April 16, 2020 by Steven Lulich
“Do not begin to say to yourselves, We have Abraham as our father.” (Luke 3:8)
What was probably the most pivotal moment in my life occurred during the summer between my junior and senior years of high school. Mom packed up my brother and sister and me for a road trip across the country to visit colleges and far-flung relatives (dad stayed home to pay the bills). As we drove, we listened to John MacArthur’s sermons on the book of Hebrews, which we had on cassette tape. What I remember most vividly was the teaching on apostacy, as in Hebrews 6:4-6:
“For it is impossible, in the case of those who have once been enlightened, who have tasted the heavenly gift, and have shared in the Holy Spirit, and have tasted the goodness of the word of God and the powers of the age to come, and then have fallen away, to restore them again to repentance, since they are crucifying once again the Son of God to their own harm and holding him up to contempt.”
I grew up in a Christian home, and I had no doubts in my own mind about the truth of the Bible. Yet it was precisely because of this solid Christian background that the warnings against apostacy absolutely terrified me. They described me: I was enlightened, I had shared in the Holy Spirit and tasted that the Word was good. I began to realize that my faith was merely borrowed from my parents – that it was still necessary to make Christ my own … or risk drifting away (Hebrews 2:1) and becoming like a land that “bears thorns and thistles, it is worthless and near to being cursed, and its end is to be burned” (Hebrews 6:8).
I don’t know that a palpable fear of the wrath of God is a necessary prerequisite for salvation, but I am certain that it is a powerful motivator. Perhaps that is why John the Baptist’s preaching was so fiery. “Do not begin to say to yourselves, We have Abraham as our father,” or rather, We have Christian parents, and We are members of the local church. “Even now the axe is laid to the root of the trees,” and “his winnowing fork is in his hand, to clear his threshing floor and to gather the wheat into his barn, but the chaff he will burn with unquenchable fire” (Luke 3:8, 9, 17).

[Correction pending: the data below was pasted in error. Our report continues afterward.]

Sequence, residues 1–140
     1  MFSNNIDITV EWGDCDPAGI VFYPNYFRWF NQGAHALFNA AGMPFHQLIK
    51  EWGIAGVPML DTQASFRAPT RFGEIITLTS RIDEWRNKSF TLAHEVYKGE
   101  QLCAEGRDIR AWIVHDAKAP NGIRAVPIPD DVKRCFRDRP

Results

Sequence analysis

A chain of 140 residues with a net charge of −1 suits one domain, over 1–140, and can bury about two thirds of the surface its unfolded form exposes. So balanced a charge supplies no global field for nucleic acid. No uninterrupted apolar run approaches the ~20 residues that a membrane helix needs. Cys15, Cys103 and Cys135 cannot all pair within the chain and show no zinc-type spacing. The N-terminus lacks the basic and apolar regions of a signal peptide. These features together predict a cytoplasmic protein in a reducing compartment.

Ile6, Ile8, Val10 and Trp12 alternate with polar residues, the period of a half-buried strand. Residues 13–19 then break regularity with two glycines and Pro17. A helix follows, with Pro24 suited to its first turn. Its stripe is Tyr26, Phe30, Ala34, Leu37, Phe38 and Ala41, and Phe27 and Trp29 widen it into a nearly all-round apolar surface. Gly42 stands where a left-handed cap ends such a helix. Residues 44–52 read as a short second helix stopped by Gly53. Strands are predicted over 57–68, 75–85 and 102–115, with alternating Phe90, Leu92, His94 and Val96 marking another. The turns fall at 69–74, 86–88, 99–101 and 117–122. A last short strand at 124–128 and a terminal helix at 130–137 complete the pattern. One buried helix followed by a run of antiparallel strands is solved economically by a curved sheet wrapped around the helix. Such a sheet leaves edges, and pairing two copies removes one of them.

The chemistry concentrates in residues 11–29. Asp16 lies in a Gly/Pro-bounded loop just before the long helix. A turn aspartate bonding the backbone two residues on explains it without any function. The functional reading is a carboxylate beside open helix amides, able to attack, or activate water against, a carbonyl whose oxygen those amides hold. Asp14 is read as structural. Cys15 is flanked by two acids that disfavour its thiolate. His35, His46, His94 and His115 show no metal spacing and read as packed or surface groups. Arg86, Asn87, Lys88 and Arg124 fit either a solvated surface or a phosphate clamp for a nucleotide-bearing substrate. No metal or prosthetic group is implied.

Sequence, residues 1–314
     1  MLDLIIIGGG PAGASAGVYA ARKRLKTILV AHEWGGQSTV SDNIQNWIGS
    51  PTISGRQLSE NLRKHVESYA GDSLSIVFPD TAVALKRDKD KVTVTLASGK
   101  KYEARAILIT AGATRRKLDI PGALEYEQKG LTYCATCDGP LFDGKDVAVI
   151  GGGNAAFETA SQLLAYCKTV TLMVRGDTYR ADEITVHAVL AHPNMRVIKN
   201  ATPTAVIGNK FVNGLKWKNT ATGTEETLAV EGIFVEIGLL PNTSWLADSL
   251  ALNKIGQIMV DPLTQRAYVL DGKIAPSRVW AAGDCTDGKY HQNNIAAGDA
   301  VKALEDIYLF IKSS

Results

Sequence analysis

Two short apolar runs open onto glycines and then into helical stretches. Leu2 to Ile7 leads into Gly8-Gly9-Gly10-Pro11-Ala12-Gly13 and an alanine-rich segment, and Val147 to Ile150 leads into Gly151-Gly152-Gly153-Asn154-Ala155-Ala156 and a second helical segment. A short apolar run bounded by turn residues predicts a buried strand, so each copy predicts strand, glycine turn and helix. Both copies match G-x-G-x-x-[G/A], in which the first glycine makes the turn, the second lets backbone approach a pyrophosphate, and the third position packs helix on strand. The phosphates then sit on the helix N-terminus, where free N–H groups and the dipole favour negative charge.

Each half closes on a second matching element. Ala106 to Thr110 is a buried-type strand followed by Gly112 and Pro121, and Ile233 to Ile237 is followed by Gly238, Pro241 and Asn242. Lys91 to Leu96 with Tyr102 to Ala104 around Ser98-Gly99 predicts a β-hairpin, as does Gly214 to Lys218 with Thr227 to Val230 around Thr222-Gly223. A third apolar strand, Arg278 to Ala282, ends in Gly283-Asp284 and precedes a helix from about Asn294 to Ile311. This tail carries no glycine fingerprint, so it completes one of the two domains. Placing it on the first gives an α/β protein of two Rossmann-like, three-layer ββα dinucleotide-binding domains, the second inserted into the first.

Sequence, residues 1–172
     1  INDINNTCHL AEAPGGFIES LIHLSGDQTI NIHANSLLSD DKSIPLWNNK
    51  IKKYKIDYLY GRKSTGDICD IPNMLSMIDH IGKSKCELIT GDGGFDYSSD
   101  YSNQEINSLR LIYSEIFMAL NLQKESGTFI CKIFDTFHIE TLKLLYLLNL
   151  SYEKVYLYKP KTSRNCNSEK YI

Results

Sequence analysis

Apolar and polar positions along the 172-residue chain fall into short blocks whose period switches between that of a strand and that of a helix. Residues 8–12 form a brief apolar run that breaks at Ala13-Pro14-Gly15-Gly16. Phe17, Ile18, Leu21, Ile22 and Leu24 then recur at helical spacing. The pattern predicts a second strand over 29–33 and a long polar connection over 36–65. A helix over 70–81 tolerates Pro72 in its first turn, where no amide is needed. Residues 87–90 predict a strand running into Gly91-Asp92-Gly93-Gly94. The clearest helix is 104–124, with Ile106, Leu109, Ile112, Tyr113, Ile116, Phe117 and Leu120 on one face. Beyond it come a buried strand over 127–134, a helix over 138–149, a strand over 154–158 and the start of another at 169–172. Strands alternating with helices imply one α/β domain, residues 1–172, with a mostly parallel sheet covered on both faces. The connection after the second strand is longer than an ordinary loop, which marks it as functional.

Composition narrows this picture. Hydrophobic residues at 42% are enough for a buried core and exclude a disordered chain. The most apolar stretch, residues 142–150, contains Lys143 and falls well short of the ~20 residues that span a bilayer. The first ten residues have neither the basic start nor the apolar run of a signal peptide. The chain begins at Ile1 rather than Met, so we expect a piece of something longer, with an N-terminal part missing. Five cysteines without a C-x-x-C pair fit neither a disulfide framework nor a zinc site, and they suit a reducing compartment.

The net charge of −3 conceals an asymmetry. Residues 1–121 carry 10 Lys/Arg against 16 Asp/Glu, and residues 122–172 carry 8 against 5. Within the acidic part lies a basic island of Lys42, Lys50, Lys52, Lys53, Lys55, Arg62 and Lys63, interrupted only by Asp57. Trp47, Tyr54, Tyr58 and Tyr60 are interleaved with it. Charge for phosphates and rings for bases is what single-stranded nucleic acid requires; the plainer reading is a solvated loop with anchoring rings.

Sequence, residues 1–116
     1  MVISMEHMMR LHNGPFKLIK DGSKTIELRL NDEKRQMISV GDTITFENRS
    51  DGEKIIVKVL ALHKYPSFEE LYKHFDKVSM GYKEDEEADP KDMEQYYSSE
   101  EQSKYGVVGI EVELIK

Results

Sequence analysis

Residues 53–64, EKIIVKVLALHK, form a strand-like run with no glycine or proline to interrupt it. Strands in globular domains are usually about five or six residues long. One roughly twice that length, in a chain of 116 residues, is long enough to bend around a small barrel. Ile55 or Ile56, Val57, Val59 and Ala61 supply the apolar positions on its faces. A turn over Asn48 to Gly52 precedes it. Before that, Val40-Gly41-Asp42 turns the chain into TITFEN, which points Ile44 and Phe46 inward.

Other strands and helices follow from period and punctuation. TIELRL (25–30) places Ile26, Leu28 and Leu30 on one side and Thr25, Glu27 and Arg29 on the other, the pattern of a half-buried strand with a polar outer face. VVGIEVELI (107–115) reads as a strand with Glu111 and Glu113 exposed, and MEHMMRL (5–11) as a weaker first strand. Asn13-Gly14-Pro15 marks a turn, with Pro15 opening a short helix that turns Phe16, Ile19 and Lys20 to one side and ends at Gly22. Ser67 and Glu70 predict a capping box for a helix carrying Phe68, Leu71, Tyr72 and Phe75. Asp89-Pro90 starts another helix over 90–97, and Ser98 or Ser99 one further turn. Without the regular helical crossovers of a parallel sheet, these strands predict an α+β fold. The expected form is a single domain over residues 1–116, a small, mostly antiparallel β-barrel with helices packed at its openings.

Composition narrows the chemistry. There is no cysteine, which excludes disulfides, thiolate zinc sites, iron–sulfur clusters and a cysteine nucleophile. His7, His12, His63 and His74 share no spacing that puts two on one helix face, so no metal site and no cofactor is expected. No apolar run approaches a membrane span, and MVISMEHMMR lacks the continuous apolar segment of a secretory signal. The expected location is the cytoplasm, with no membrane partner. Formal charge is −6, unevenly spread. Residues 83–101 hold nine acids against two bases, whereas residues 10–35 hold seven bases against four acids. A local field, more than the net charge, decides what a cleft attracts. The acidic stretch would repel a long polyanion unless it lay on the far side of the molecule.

John the Baptist’s task was to “make ready for the Lord a people prepared” (Luke 1:17). If being a descendent of Abraham and an adherent of the Law of Moses was not preparation enough, then what was missing? In a word: repentance, and fruit that is in keeping with repentance (Luke 3:3, 8). Are you a child of Christian parents? Resist complacency! You must own Christ for yourself, through “repentance for the forgiveness of sins.” Have you known Christ for many years, but your obedient service to Him has fallen into disuse and disrepair? “Repent, and do the works you did at first” (Rev. 2:5), even “bearing fruits in keeping with repentance.” Is your walk with Christ active and sweet? Keep oil for your lamp and trim the wick, and “Watch therefore, for you know neither the day nor the hour” (Matt. 25:1-13).
Perhaps you never claimed to have Christian parents, or to be part of any church. Whether you claim Abraham as your father or not, John the Baptist’s message is for you, too, to make you part of the “people prepared.” Yes, “the axe is laid to the root of the trees,” but the Messiah stands between you and the wrath of God. “Behold, I stand at the door and knock. If anyone hears my voice and opens the door, I will come in to him and eat with him, and he with me” (Rev. 3:20).